Lore behind local ghost stories lives on

by Charles Cassady

Ghost stories are common to cultures throughout the world – and throughout the year. In old Japan, the “rakugo,” a wandering spooky bard, would recount supernatural yarns called “obake” on warm summer evenings. A stated intent was to raise gooseflesh (“torihada”) on the listeners, as a sort of forerunner to air conditioning.

In autumn and throughout the month of October, people eagerly join “Ghost Tours,” visiting authentic sites of chilling regional legends and lore. Those who have done the research say that the American city with the largest quantity of supernatural guided walking tours is Savannah, Georgia, followed by New Orleans and Chicago.

The latest ghost-tour business in Cuyahoga County to commence, in downtown Cleveland and The Flats, is a 2023 tour led by local author/genealogist/historian William Krejci. Its perambulations can be found online at www.strangenspooky.com.

And, of course, the nearer to home the scary stories get, the more delicious the fright. For who has time and gas money to go to Amityville, New York? Or even to the notorious Hans Tiedemann mansion (alias the Franklin Castle) in downtown Cleveland, where William Krejci lived, especially when dark rumors and spine-tingling accounts can haunt you right down the street? 

Here are some of the local rumors. Keep in mind that in the “boo! business,” actual facts are sometimes more tricks than treats, and the rise of the internet – just the latest version of tabloid media – has conjured many tall tales just for fun.

Still, in the Halloween run-up, any ghostly gazetteer of Broadview Heights should have these sepulchral shades:

Broadview Developmental Center –

Formerly occupying the campus of municipal buildings that include City Hall and the Broadview Recreation Center, the Broadview Developmental Center was built originally in 1939, as the Broadview Veterans Administration Hospital.

It was a tuberculosis sanitarium during its early years, as well as specializing in general medical and surgical services to military veterans as well. After WWII, patients were moved to Crile Hospital, and another VA hospital in Brecksville superceded its duty to take care of veteran clients. Later, this Brecksville Road VA would also be rumored as haunted). In latter years the Broadview Developmental Center cared for the mentally handicapped.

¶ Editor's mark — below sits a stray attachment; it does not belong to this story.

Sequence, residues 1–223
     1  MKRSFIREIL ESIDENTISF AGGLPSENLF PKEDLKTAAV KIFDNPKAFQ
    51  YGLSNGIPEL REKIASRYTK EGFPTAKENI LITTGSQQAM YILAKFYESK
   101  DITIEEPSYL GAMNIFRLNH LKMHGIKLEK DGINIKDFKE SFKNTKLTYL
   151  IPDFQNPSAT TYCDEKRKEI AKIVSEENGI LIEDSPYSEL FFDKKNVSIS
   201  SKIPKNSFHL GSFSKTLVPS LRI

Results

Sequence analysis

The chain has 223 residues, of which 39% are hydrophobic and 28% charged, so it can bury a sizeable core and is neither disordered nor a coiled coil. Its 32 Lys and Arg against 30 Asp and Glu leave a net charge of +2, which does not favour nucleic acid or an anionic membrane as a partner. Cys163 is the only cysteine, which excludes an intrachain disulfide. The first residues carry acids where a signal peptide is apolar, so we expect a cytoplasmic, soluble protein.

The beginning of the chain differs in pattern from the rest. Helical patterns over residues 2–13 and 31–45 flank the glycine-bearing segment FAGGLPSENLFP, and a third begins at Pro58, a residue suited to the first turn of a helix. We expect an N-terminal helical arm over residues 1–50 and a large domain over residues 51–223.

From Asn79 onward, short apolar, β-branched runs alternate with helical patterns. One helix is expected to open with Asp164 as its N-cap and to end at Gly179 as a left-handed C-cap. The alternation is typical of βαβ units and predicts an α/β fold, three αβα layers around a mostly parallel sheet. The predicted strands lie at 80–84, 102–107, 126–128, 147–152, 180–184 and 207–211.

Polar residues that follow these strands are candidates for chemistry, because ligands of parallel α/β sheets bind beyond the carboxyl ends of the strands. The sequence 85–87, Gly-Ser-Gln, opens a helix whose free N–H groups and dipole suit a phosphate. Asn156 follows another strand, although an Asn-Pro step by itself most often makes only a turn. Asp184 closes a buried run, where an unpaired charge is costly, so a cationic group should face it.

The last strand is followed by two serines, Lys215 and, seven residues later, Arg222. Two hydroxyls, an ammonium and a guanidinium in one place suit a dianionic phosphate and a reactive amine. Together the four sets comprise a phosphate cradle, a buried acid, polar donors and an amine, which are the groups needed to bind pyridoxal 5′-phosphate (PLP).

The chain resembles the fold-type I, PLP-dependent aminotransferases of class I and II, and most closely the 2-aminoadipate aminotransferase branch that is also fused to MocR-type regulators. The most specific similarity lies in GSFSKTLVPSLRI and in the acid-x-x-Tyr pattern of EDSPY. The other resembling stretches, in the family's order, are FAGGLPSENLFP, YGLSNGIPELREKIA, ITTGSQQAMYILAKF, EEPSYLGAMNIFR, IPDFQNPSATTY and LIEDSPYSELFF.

Throughout the 1980s and 90s usage of the center was gradually curtailed, and the property sold to the city of Broadview. Portions of the sprawling campus were either torn down or repurposed, with a newly-erected skate parks, athletic fields, a playground and a fresh service garage and salt bin.

Other outlying buildings soon housed various organizations including the garden club, the historical society, the Cleveland Photographic Society Lend-a-Hand and the Broadview Spotlights theater troupe.

It is the fate of many disused hospitals – especially those noted in the annals as “asylums” or “sanitariums” – to gain creepy reputations (a former mental hospital in Athens, Ohio, far downstate, is especially infamous among ghost fanciers). The Broadview Developmental Center was no exception. Folklore claimed one could still hear screaming of patients who were on the upper floors of the Broadview VA.

The title of the “Pink Lady” has been endowed upon a female specter – dressed in pink, of course – said to roam the halls and could be occasionally seen through the windows, though since the razing of the old building she seems to be far less active.

Broadview Heights Service Director David Schroedel remembers the old Developmental Center in its decrepitude.

“I walked around that building before it was torn down. It felt like a ghost could be around every corner,” he said. “[The police] were always busy chasing people out of there.”

He said he never witnessed the Pink Lady, nor does he know anyone who has. Still, even in the new complex, he said, people have had curious sensations.